The Surprising Way Vitamin D Supplements May Affect Your Sleep

Vitamin D is also called the sunlight vitamin because your skin produces it when exposed to the sun. About 50 percent of people across the world have vitamin D insufficiency and about 1 billion people have vitamin D deficiency (via a 2012 review). Normal vitamin D levels are between 30 and 40 nanograms per milliliter. A vitamin D insufficiency is about 20 nanograms per milliliter and a vitamin D deficiency is anything less than that, according to the World Medical Association. You can get a simple blood test from your doctor to check your levels. 

Vitamin D is essential for your health. People with low vitamin D concentration are at risk for heart disease, hypertension, obesity, type two diabetes, depression, cognitive impairment, Parkinson's, falls and fractures, autoimmune diseases, influenza, bacterial vaginosis, pelvic floor disorders, and age-related macular degeneration. Vitamin D can even help lower your risk of getting COVID-19

How could vitamin D supplementation affect your quality of sleep, though?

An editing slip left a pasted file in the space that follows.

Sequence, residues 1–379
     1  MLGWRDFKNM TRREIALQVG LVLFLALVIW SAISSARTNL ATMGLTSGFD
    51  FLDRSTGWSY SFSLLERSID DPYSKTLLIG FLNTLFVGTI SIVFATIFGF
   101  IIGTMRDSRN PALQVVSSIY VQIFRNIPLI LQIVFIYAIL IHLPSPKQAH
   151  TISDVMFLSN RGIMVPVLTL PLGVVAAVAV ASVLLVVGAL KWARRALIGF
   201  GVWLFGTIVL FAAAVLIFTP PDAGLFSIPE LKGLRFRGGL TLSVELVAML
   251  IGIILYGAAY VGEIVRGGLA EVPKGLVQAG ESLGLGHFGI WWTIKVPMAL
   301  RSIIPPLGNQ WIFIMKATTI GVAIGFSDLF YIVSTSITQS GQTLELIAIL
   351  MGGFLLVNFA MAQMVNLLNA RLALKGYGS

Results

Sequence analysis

When to take your vitamin D for the best absorption

Three different studies found that low vitamin D levels on their own caused sleep disturbances (via a 2017 study in Nutrients), poor sleep quality (via a 2017 study in Annals of Occupational and Environmental Medicine), and a shorter duration of sleep (via a 2015 study in Sleep). It might be best to take your vitamin D supplement in the morning with breakfast, and you might find that getting adequate amounts of vitamin D can improve your sleep quality.

You should take a vitamin D supplement with 600 to 800 IUs per day, according to Harvard Health Publishing, but you can take up to 4,000 IUs. Do not take more than that unless your doctor recommends it. Since exposure to the sun without sunblock can increase your risk of melanoma, a deadly skin cancer, it's best to get your vitamin D from your food and supplements. You can get it from tuna, mackerel, salmon, egg yolks, and beef liver. You can also get it from fortified foods like orange juice, milk, and cereal (via Yale Medicine).

Since vitamin D is a fat-soluble vitamin, it doesn't dissolve in water and is best absorbed when taken with a meal. A small 2010 study found that people who took vitamin D with their largest meal of the day boosted their blood levels of the vitamin by about 50 percent after two to three months. A 2017 study in older adults found that when taking vitamin D with a fat-heavy meal increased their blood levels of the vitamin by 32 percent after 12 hours. Eggs, avocados, seeds, nuts, and full-fat dairy foods can help boost your vitamin D absorption.